I set up my beloved theodolite
And slowly, gently, aimed it at the moon,
Then focused sharply on the lovely site,
Which put its fragile eye piece well in tune.

As always, it was truly great and thrilling;
It tends at first to take away one’s breath.
I’d even say that it was almost chilling,
Considering the expectation’s stress.

Now, I had seen this stunning show before
But this, my youngest son, had not and turned
From left foot to the right and then some more
As pure impatience in his body burned.

When I had managed the controls just right
I checked and, yes, the spectacle appeared:
The view revealed a giant disk of light—
Lit orb of heaven—by lovers oft revered.

The moon, as pretty as it mostly is
Just played the backdrop to the major show:
The shadowed passing of no ghostly frizz
But sharply-imaged birds’ migration flow.

Some came in groups, while others flew alone,
The larger birds with stately beating wings,
The little ones by jerks of effort blown
Then up, then down, in spurts they flew in strings.

I quickly spied my son; he was engrossed.
His faintest smile was for me quite sublime.
He was real still and though his eyes were closed—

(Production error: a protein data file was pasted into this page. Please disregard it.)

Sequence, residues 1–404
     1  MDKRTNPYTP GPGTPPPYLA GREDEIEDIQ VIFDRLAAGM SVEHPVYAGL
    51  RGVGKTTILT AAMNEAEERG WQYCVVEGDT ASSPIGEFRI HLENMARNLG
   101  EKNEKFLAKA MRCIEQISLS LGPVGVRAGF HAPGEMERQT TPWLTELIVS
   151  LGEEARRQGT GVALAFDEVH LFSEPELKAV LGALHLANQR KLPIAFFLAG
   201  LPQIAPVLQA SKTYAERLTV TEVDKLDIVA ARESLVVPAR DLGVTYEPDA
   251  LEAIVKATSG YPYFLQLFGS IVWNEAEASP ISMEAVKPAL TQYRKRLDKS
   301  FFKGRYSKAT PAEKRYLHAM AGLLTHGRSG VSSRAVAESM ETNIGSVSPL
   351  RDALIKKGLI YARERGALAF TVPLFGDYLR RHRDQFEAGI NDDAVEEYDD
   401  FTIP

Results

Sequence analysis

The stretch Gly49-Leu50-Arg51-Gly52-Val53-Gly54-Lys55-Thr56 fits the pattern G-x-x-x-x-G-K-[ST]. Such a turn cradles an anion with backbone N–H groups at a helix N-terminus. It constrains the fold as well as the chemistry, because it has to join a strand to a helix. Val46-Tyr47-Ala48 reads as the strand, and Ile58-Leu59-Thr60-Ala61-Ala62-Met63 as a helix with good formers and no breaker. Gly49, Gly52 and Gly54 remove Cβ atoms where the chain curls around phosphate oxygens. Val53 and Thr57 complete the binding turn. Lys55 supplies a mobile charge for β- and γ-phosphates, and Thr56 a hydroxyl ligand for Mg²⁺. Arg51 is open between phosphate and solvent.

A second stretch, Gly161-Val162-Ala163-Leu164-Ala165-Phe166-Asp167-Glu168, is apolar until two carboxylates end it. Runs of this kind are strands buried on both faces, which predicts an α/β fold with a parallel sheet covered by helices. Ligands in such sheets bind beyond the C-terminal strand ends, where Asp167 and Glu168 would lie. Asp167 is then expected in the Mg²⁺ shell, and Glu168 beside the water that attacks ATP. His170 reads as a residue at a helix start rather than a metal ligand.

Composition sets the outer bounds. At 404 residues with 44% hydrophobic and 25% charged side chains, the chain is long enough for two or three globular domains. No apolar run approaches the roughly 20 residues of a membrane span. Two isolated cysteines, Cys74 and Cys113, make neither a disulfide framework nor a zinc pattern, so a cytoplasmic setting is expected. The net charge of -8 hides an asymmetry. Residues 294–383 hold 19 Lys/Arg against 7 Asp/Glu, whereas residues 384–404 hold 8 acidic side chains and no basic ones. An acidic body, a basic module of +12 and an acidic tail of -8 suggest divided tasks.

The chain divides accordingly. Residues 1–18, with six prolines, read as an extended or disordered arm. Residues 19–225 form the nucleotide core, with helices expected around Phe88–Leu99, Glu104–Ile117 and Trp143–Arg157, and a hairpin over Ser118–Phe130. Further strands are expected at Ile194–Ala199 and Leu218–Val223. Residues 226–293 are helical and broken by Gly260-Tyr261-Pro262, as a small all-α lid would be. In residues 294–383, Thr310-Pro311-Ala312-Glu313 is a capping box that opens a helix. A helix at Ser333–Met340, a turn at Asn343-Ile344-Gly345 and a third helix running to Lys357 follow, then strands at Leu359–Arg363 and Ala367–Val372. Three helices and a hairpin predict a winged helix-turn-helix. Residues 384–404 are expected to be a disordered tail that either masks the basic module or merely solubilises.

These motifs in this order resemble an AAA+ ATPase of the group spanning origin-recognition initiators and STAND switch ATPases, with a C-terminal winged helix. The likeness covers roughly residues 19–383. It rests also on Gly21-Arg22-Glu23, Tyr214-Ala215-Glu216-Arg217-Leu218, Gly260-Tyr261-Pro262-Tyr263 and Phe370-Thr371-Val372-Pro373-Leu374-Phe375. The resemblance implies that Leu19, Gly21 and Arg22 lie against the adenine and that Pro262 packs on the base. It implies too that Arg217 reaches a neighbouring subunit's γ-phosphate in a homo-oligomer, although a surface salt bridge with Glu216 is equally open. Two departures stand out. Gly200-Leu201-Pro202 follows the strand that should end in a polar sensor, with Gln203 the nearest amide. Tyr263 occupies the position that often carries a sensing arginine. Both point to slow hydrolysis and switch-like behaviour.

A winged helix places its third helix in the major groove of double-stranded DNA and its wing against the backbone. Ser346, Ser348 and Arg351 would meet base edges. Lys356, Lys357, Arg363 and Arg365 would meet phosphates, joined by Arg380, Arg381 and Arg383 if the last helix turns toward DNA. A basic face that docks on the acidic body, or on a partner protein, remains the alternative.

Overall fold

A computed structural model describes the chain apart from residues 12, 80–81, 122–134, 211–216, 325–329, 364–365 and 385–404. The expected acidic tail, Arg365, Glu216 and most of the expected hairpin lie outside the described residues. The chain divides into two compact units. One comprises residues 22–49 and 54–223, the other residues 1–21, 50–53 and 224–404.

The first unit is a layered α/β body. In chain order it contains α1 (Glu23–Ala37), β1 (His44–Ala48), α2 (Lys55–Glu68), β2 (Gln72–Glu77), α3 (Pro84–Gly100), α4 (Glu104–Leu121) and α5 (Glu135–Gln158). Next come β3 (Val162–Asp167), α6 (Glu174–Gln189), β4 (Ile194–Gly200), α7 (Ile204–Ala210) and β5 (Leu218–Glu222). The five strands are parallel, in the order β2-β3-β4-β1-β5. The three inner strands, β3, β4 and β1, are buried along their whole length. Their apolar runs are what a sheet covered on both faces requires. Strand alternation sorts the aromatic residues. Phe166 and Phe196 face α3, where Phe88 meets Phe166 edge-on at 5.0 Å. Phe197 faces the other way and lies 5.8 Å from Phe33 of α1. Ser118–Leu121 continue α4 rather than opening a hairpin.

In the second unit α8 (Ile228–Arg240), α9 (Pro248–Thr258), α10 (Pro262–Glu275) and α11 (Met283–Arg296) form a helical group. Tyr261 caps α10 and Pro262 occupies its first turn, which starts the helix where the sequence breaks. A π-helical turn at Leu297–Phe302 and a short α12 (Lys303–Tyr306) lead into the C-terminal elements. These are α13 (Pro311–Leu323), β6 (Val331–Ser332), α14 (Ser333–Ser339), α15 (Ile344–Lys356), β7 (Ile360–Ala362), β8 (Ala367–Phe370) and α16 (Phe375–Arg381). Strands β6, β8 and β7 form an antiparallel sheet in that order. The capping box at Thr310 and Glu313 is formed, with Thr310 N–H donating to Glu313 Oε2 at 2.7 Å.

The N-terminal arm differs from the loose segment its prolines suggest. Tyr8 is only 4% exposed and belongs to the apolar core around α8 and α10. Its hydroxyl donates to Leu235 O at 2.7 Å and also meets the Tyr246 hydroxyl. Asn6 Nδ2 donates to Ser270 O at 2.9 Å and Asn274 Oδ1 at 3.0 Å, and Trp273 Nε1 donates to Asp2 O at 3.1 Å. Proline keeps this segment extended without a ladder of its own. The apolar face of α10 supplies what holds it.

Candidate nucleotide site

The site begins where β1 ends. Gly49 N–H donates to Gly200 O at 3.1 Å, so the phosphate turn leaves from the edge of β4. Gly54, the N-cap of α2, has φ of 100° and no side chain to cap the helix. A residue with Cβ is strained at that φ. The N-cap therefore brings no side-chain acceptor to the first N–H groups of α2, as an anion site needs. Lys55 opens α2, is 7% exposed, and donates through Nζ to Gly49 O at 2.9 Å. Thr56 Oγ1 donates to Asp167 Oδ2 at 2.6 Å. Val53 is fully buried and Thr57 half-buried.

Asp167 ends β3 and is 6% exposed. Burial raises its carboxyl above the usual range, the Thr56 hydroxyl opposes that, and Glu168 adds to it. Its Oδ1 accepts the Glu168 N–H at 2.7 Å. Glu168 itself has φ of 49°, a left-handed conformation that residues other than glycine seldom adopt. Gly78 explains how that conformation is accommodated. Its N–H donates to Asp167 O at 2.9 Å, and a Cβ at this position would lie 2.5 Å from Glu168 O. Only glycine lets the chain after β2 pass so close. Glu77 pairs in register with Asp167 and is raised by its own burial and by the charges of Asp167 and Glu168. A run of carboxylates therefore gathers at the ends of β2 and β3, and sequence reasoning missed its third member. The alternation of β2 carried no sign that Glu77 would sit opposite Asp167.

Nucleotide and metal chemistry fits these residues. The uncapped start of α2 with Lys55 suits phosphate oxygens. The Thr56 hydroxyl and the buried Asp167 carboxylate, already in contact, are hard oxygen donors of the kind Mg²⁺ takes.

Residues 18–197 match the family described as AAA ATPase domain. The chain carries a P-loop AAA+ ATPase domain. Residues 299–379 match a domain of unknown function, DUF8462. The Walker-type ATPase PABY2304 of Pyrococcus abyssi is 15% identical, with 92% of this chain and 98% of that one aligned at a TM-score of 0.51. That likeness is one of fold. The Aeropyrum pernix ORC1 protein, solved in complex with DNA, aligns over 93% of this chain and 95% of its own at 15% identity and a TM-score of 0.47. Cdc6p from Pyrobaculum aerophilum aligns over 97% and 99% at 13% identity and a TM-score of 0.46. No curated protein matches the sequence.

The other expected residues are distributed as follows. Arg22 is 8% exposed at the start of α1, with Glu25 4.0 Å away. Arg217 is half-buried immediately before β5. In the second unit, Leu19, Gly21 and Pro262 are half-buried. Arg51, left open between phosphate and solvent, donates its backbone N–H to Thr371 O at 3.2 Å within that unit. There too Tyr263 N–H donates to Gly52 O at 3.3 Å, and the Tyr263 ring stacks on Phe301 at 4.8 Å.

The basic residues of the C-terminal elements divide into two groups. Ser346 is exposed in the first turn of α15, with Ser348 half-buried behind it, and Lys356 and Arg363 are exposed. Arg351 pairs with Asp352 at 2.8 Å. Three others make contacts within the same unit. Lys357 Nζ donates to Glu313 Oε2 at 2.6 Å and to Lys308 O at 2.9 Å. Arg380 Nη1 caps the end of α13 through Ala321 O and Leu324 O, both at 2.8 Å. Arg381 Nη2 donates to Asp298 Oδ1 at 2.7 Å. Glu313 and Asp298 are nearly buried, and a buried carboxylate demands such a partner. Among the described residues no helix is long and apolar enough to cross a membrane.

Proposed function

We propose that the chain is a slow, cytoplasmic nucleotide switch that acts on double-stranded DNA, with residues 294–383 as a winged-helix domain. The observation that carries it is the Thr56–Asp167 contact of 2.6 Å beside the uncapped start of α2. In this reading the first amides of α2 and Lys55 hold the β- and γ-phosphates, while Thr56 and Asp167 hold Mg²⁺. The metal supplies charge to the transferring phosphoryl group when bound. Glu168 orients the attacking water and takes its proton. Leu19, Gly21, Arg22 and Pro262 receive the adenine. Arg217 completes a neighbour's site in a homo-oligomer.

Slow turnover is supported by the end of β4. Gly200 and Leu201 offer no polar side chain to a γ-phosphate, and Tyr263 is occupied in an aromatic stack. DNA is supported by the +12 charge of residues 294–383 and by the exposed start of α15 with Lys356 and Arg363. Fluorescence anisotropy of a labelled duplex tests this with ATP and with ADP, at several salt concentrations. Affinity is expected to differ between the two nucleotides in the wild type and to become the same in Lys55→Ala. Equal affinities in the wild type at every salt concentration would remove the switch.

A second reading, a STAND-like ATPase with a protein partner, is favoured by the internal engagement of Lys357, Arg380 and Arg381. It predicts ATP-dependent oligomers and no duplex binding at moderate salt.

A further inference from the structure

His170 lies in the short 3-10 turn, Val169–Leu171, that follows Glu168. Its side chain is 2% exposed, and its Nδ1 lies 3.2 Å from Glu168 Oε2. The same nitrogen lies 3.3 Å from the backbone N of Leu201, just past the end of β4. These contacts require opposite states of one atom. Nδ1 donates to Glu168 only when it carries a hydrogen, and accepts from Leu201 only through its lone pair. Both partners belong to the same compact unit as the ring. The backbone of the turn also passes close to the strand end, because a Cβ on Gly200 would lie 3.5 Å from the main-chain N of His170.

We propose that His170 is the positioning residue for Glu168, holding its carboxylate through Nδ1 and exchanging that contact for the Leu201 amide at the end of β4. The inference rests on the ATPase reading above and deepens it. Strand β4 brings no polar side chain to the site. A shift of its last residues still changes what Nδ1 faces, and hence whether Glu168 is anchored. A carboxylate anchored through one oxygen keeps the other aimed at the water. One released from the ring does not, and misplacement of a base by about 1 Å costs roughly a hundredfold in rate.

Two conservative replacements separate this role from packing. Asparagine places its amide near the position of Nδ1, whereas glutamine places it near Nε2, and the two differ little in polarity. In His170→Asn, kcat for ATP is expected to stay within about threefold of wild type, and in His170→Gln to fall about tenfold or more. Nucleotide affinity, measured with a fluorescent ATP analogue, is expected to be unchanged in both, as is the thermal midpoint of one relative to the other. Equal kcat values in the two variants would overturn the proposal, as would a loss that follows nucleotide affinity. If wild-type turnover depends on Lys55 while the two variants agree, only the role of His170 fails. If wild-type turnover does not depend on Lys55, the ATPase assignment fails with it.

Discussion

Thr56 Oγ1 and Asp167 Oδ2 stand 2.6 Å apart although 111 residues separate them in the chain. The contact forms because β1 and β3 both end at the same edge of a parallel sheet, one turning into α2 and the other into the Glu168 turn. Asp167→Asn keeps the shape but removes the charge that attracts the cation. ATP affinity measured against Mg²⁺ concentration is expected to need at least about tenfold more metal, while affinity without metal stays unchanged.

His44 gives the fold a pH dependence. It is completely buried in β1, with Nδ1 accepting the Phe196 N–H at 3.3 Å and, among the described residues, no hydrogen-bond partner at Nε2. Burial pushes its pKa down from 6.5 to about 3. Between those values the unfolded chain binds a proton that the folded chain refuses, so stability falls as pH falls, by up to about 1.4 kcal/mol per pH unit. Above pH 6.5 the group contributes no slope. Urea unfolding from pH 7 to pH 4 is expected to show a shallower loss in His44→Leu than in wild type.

I saw a tear… Evoked my own first time.



Leo Zoutewelle was born in 1935 in The Netherlands and was raised there until at age twenty he emigrated to the United States.  After retiring in 2012  he has written an autobiography and two novels (unpublished).

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9 Responses

  1. Joseph S. Salemi

    This is a very nice piece, and how interesting to see the word “theodolite”! the unexpected appearance of the birds works perfectly to segue into the poem’s conclusion, which alludes to the moment of sympathy between father and son.

    • Peter Hartley

      Leo – A very enjoyable read and it stopped me being a miserable git for 5 minutes Thank you for that.

  2. Leo Zoutewelle

    Dear Fellow Society members,
    I am very grateful for all your comments, which help lift the spirit and often the quality of my poetic endeavors! And that, I think, is the wonderful thing about this, our Society, whose structure allows the most opportunity for exchange of ideas as well as some pleasant conviviality.

    May we continue to maintain and strengthen this facility for a long time.
    Thank you all for your contributions!

  3. Susan Jarvis Bryant

    Leo, this poem is truly beautiful and the closing stanza brought a tear to my eye, too. Just lovely! Thank you.


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